The funds management industry is using obfuscating language that is blurring investors’ understanding of different investment products and vehicles, says SPDR chairman and ETF pioneer Jim Ross.
Speaking at a media event in Sydney yesterday, Mr Ross – who is the Boston-based global chair of State Street’s SPDR business and described by a State Street spokesperson as the ‘godfather of ETFs’ – criticised the widespread usage of complicated and confusing language.
“In our financial world, we're very good with coming up with terms that kind of are catchy,” Mr Ross said.
He questioned the names of certain products and investment vehicles, such as ‘smart beta’, ‘passive’ and ‘active’ investing, and “even the term ETFs”.
“There’s no common definition of ETFs around the globe,” Mr Ross said. “The ‘ET’ [part of ‘ETF’] is kind of a phrase a lot of people like to use.
“And then they'll add things to the end of it. It used to be ‘exchange-traded fund’ – it was a pretty straight-forward [sic], vanilla thing.
“Then there's exchange-traded notes; ETPs came into the world, exchange-traded products, which encompasses things that aren't necessarily managed funds”; as well as the ‘ETV’, an ‘exchange-traded vehicle’.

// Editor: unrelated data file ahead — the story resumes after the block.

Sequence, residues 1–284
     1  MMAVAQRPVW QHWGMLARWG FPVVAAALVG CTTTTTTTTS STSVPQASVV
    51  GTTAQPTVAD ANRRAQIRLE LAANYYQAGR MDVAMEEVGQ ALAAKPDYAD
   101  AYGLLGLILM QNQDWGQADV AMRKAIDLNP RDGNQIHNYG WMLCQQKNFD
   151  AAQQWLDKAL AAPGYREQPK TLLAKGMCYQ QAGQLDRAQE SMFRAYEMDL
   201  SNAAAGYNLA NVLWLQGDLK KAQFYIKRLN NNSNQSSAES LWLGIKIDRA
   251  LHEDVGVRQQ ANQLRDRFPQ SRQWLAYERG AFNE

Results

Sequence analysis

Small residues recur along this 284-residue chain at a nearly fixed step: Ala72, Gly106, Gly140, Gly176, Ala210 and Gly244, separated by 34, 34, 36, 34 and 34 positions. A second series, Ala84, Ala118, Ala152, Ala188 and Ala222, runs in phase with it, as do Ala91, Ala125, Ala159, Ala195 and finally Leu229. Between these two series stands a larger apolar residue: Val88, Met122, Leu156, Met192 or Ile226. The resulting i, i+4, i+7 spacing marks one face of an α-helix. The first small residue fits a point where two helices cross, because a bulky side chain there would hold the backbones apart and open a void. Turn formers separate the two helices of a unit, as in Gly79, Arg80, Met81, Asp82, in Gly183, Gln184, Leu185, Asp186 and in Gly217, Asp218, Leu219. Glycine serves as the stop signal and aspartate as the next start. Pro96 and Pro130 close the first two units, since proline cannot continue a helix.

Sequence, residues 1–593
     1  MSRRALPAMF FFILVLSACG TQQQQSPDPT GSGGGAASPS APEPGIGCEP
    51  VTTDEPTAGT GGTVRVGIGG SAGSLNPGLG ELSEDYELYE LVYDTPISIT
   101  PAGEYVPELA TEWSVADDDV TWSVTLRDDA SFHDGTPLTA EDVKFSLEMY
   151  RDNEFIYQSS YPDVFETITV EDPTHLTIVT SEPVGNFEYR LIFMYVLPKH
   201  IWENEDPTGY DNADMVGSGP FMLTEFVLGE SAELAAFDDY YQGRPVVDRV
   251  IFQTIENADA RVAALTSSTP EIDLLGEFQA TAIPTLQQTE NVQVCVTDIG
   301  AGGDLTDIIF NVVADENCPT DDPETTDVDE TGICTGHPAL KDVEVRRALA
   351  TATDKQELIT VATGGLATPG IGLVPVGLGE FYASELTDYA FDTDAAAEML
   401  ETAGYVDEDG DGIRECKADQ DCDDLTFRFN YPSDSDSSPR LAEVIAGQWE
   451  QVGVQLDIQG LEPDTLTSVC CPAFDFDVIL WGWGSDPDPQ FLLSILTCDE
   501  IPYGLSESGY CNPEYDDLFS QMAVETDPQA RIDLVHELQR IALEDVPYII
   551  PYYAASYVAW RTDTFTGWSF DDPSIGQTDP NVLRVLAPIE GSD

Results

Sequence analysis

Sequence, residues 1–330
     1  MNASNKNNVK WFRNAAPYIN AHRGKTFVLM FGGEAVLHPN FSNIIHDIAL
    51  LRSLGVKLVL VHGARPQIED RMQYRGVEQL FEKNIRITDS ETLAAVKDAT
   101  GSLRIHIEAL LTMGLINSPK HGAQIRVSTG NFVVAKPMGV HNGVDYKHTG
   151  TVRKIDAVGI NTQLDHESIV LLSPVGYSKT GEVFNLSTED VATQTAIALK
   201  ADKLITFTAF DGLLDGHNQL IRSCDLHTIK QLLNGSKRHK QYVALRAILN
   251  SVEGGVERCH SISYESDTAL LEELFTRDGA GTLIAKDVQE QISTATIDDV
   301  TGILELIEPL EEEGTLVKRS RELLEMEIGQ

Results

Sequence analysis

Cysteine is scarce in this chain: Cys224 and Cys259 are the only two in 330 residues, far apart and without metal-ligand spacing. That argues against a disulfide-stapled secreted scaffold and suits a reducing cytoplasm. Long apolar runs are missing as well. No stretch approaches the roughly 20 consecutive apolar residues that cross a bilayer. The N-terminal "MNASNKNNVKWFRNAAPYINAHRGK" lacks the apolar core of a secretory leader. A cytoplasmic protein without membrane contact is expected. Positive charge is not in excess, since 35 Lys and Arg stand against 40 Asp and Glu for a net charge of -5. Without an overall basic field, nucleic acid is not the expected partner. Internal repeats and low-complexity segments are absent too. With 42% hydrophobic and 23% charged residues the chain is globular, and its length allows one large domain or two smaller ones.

“Some of them have other characteristics to them; they’re futures-based, derivatives-based, and might deliver a different outcome,” Mr Ross said.
Because it was so easy to adopt catchy phrases, investors needed to be educated on the terminology that referred to different things, Mr Ross indicated.
“How do we educate investors on how we evaluate ‘ETF, ETN, ETP, ETC’, all those terms I’ve heard over the years?
“It's way too confusing from an investor's standpoint to try and say you need to understand the difference of every one of these. We want the investors to think about the characteristics,” he said.
“What outcome are they trying to get to? What resources do they have to evaluate that [with]?
“One of the most important resources is they have the ability to look through and see what is in the ETF. Transparency is your friend.”
He added that investors, financial advisers, and individual investors needed to conduct “due diligence and understand what that product’s outcome is” before they “hit the button that says buy”.
“I think there's some great products ... but in the hands of investors that don't know how to use them, they can be very dangerous.”